Who's who? Wasps can distinguish among their peers, according to new research.

Faces Only Wasps Could Love

Birds do it, and so do goldfish in the privacy of their bowls, but no one thought that insects did it the same way--recognize each other on sight, that is. Now a study reveals that wasps may not be faceless ciphers to one another after all.

Birds, mammals, fishes, and reptiles can recognize specific individuals, a trait essential to monogamy and other vital relationships. Although many social insects use chemical cues to decide whether someone belongs in their nest, many scientists doubted that insects had the brainpower to recognize individuals. But the wildly variable patterns of yellow and black blotches and stripes on the faces and abdomens of paper wasps (Polistes fuscatus) led behavioral ecologist Elizabeth Tibbetts of Cornell University to wonder if wasps use these marks to sort out their unique places in their pecking orders--strict hierarchies where wasps are ordered like rungs on a ladder.

To test her notion, Tibbetts decided to do a little face painting. She gathered worker and queen wasps from 23 nests, then chose one wasp from each nest for a makeover. With a very small brush, Tibbetts painted half the faces with a wasplike pattern of tiny black and yellow stripes. She did a "sham" paint job on the rest, painting over their natural patterns without altering them. When the wasps were returned to their nests, those with the altered markings were attacked more often than wasps whose paint jobs coincided with their original patterns--even though they retained the chemical cues that they belonged in the nest, Tibbetts reports in the 22 July issue of the Proceedings of the Royal Society. The attacks stopped after about 2 hours, however, indicating that the wasps had regained their places in the hierarchy. The relatively minor drubbing the made-over wasps received (compared to the mauling dealt wasps from other nests) suggests to Tibbetts that the other wasps recognized them as nest mates, but knew they didn't look right for the job.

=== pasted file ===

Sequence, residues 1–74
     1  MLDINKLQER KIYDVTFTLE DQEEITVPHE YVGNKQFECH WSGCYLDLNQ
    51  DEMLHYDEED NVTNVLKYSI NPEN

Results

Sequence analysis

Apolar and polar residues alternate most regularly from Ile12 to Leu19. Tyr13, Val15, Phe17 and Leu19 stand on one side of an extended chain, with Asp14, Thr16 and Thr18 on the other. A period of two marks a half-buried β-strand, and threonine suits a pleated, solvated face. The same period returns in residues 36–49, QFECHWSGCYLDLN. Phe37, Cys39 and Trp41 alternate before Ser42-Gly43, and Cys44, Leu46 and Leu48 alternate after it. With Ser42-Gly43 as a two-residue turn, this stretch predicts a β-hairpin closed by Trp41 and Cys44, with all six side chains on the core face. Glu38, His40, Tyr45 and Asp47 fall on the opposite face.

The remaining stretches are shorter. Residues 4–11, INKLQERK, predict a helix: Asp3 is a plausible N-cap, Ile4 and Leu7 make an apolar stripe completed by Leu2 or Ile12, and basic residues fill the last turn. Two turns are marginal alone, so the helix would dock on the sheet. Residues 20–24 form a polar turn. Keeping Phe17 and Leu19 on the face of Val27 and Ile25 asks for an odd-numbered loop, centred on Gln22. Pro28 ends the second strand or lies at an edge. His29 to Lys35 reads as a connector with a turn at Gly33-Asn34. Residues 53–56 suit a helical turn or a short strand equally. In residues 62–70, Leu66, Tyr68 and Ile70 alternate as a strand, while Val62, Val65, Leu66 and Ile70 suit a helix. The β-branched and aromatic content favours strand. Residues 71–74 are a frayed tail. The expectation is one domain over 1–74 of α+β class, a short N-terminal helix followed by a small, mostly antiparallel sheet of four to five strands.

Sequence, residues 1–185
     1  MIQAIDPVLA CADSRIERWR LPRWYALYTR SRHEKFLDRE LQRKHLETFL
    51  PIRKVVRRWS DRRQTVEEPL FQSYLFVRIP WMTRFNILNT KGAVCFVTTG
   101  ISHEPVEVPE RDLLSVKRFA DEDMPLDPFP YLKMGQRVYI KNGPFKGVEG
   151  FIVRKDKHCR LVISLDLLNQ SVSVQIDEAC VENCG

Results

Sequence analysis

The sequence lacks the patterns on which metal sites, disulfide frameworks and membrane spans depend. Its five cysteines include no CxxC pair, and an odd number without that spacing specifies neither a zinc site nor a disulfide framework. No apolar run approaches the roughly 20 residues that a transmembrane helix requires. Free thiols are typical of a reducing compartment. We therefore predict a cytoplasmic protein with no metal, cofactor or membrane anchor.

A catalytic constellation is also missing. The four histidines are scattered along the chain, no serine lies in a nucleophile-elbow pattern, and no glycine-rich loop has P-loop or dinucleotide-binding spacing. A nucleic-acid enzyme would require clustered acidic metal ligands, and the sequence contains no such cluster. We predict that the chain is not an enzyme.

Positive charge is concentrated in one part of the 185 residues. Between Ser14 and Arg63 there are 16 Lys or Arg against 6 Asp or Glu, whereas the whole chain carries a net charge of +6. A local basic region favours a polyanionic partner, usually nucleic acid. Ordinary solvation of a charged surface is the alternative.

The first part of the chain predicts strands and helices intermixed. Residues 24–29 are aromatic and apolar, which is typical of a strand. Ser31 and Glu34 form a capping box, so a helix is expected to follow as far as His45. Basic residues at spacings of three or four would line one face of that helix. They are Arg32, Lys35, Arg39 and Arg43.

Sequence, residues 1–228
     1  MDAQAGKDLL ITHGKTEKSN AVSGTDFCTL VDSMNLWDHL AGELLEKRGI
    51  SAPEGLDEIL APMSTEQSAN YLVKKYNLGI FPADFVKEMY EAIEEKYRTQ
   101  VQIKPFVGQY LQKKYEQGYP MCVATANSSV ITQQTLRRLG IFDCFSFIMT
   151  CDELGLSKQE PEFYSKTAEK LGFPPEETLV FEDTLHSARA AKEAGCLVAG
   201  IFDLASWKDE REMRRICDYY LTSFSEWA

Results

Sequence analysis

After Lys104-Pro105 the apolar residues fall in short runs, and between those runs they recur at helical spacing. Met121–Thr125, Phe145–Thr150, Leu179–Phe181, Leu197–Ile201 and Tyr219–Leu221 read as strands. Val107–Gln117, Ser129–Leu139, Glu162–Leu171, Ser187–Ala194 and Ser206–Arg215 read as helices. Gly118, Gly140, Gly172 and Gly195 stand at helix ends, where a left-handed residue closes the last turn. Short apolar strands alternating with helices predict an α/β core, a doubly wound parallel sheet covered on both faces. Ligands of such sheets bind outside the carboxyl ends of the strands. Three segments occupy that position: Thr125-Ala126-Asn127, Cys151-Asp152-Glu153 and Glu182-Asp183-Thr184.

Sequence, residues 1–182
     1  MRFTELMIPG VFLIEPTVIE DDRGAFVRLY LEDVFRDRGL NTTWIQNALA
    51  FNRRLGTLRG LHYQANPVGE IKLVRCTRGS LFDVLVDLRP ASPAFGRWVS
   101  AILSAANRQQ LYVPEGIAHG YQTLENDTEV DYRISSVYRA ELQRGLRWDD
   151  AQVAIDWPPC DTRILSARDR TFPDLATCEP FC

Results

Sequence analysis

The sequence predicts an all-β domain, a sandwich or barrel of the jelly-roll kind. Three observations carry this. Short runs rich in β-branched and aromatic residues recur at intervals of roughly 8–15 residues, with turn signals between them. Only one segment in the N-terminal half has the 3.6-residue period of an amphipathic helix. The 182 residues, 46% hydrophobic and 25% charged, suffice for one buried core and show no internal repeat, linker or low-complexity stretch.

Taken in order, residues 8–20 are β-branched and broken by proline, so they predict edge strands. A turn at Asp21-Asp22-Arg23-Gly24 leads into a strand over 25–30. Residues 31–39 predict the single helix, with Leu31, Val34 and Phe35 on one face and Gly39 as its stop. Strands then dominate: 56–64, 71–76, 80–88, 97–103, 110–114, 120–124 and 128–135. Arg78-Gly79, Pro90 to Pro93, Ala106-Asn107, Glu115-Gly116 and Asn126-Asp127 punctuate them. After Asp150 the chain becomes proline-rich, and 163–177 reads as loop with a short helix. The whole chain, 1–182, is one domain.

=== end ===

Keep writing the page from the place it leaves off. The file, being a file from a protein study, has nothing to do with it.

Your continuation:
Animal behaviorist George Gamboa of Oakland University in Rochester, Michigan, says the results are "surprising because most of us who work with social insects assume that the communication in a colony is largely chemical." Gamboa says a more compelling demonstration would be to show that a low-ranking wasp painted to look like a queen commanded queenlike treatment from its nest mates. Tibbetts isn't sure she can muster the artistic skill for that experiment, though: "It's one thing to paint a wasp to look unfamiliar, but quite another to paint a wasp so it looks like another wasp," she quips.